purposes under the mantle of Templarism. Bode died at Weimar on the 13th of
A Royal Councilor of State and
Director of the School of Cadets at St. Petersburg, during the reign of
Alexander I. In 1805 he induced the emperor to revoke the edicts made by Paul
I and himself against the Freemasons. His representations of the true
character of the Institution induced the emperor to seek and obtain
Boeber may be considered as
the reviver of Freemasonry in the Russian dominions, and was Grand Master of
the Grand Lodge from 1811 to 1814.
The most celebrated of the
Mystics of the sixteenth and seventeenth centuries, born near Gorlitz, in
1575, and died in 1624. His system attracted, and continued to attract long
after his death, many disciples in Germany. Among these, in time, were several
Freemasons, who sought to incorporate the mystical dogmas of their founder
with the teachings of Freemasonry, so as to make the Lodges merely schools of
theosophy. Indeed, the Theosophic Rites of Freemasonry, which prevailed to a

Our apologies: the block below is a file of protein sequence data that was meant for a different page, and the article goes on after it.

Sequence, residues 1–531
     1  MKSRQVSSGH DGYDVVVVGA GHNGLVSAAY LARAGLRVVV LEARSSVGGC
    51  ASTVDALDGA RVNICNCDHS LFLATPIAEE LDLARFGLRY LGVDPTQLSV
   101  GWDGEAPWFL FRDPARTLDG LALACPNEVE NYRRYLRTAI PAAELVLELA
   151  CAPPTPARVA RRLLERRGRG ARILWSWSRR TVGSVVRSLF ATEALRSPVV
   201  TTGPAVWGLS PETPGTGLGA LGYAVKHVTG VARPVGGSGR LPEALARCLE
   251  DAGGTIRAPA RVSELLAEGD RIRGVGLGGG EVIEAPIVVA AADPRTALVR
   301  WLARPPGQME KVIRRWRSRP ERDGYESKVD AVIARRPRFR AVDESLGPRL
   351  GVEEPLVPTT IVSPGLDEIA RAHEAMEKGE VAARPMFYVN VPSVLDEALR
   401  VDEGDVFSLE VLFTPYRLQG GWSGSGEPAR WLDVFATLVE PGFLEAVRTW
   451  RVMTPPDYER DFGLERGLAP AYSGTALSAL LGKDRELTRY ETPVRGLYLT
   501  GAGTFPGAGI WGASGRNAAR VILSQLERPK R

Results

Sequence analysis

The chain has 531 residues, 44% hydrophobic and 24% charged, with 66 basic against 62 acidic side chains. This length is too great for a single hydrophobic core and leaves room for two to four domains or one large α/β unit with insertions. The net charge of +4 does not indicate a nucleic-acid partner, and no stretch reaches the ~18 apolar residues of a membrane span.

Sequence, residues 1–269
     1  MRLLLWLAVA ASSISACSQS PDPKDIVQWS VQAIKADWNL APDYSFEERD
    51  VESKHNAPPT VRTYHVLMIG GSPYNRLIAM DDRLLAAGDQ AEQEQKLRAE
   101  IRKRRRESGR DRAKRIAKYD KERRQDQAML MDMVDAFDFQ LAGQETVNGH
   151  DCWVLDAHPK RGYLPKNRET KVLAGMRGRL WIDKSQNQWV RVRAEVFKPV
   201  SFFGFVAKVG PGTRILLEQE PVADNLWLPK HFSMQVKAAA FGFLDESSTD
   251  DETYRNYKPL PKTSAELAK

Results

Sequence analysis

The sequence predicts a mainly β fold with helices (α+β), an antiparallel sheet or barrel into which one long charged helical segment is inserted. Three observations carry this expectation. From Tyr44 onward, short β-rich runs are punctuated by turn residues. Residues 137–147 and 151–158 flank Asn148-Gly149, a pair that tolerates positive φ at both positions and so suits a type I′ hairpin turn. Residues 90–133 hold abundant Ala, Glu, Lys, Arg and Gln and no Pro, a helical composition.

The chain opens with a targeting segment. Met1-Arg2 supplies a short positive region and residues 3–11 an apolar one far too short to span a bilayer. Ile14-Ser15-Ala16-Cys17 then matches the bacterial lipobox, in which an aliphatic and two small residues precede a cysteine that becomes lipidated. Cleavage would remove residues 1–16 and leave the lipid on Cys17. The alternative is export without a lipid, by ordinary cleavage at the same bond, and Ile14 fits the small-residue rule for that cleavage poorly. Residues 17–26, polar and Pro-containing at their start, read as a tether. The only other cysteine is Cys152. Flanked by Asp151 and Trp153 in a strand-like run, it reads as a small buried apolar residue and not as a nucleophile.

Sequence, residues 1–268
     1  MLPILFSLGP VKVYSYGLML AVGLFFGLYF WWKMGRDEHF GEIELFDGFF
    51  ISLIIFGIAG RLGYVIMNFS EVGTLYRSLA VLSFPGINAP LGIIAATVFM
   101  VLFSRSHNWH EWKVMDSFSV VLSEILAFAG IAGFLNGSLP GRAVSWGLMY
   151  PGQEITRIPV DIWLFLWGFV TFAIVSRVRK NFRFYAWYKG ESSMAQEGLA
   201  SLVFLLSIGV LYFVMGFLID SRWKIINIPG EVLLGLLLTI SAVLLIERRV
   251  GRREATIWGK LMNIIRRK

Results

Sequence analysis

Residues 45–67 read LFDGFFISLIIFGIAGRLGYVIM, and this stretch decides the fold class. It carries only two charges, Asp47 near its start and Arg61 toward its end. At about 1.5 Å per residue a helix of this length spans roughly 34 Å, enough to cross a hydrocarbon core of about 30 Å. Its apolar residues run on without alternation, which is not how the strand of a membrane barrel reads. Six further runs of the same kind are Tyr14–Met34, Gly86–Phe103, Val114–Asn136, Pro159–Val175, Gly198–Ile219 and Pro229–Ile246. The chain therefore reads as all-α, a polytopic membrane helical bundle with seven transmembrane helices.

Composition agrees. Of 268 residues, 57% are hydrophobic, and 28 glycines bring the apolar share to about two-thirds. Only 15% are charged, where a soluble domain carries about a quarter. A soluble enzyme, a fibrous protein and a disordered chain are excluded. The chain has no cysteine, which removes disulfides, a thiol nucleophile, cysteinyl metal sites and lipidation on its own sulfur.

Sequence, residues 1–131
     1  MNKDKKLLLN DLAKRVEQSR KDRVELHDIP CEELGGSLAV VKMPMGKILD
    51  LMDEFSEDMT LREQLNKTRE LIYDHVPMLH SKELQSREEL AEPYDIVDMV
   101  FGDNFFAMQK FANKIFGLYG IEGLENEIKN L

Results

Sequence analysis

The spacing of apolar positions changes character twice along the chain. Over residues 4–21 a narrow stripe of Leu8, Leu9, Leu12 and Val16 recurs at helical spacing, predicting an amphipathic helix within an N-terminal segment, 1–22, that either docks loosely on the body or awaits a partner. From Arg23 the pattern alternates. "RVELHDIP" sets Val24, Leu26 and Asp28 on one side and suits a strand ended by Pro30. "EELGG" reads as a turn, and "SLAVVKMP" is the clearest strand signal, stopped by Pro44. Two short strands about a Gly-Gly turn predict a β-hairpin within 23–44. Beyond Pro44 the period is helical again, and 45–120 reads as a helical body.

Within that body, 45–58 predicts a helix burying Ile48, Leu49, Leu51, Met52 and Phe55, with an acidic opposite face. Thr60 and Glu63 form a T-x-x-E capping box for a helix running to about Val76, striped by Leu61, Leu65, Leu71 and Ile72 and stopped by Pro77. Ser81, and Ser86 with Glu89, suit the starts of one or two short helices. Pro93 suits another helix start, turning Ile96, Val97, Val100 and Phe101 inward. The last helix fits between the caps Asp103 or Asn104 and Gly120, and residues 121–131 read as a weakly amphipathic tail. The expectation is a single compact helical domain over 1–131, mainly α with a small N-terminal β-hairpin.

great extent about the middle of the last century in Germany and France, were
indebted for most of their ideas to the mysticism of Jacob Boehmen.
BOHEMANN, KARL ADOLF ANDERSON
Born in 1770, at Jönköping in
the south of Sweden. He was a very zealous member of the Order of Asiatic
Brethren, and was an active promulgator of the advanced Degrees. Invited to
Sweden, in 1802, by the Duke of Sudermania, who was an ardent inquirer into
Masonic science, he was appointed Court Secretary.
He attempted to introduce his
system of advanced Degrees into the kingdom, but having been detected in the
effort to intermingle revolutionary schemes with his high Degrees, he was
first imprisoned and then banished from the country, his society being
interdicted. He returned to Germany, but is not heard of after 1815, when he
published at Plymouth a justification of himself. Findel in his History of
Freemasonry (page 560), calls him an impostor, but he seems rather to have
been a Masonic fanatic, who was ignorant of or had forgotten the wide
difference between Freemasonry and political intrigue.
A Lodge named The Three Stars
is said to have been established at Prague in 1726, and other Lodges were
subsequently constituted in Bohemia, but in consequence of the French
Revolution they were closed in 1793 by the Austrian Government.
BOHMANN, F. OTTO
A merchant in Stockholrn,
1695-1767, who left a legacy of 100,000 thalers to the Asylum for the Orphans